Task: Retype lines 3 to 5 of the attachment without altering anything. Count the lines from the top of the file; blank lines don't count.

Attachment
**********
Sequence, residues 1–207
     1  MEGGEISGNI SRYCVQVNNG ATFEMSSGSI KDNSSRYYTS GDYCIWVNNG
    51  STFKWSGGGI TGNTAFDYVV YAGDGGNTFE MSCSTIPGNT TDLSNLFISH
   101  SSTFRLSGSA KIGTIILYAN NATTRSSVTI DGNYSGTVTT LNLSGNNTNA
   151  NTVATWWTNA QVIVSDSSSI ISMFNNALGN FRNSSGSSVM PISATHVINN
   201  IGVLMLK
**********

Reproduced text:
    51  STFKWSGGGI TGNTAFDYVV YAGDGGNTFE MSCSTIPGNT TDLSNLFISH
   101  SSTFRLSGSA KIGTIILYAN NATTRSSVTI DGNYSGTVTT LNLSGNNTNA
   151  NTVATWWTNA QVIVSDSSSI ISMFNNALGN FRNSSGSSVM PISATHVINN